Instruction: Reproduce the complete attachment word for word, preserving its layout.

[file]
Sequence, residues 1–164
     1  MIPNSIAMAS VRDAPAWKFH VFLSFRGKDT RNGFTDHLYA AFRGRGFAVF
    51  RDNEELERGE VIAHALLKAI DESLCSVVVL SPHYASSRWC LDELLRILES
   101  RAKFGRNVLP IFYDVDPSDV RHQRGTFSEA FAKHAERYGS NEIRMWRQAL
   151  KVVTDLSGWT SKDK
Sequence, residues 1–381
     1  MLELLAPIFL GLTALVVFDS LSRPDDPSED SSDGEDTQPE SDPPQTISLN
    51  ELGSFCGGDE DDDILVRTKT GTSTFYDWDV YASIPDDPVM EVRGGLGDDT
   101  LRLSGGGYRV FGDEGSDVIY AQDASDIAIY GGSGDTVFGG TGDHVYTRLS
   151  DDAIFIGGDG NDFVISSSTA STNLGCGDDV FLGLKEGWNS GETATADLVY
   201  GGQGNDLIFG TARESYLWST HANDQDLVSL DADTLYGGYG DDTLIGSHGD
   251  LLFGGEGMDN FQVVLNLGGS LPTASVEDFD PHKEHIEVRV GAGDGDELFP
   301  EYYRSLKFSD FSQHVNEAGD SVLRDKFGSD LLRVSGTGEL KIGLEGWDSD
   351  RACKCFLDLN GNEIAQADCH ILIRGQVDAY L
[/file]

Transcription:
Sequence, residues 1–164
     1  MIPNSIAMAS VRDAPAWKFH VFLSFRGKDT RNGFTDHLYA AFRGRGFAVF
    51  RDNEELERGE VIAHALLKAI DESLCSVVVL SPHYASSRWC LDELLRILES
   101  RAKFGRNVLP IFYDVDPSDV RHQRGTFSEA FAKHAERYGS NEIRMWRQAL
   151  KVVTDLSGWT SKDK
Sequence, residues 1–381
     1  MLELLAPIFL GLTALVVFDS LSRPDDPSED SSDGEDTQPE SDPPQTISLN
    51  ELGSFCGGDE DDDILVRTKT GTSTFYDWDV YASIPDDPVM EVRGGLGDDT
   101  LRLSGGGYRV FGDEGSDVIY AQDASDIAIY GGSGDTVFGG TGDHVYTRLS
   151  DDAIFIGGDG NDFVISSSTA STNLGCGDDV FLGLKEGWNS GETATADLVY
   201  GGQGNDLIFG TARESYLWST HANDQDLVSL DADTLYGGYG DDTLIGSHGD
   251  LLFGGEGMDN FQVVLNLGGS LPTASVEDFD PHKEHIEVRV GAGDGDELFP
   301  EYYRSLKFSD FSQHVNEAGD SVLRDKFGSD LLRVSGTGEL KIGLEGWDSD
   351  RACKCFLDLN GNEIAQADCH ILIRGQVDAY L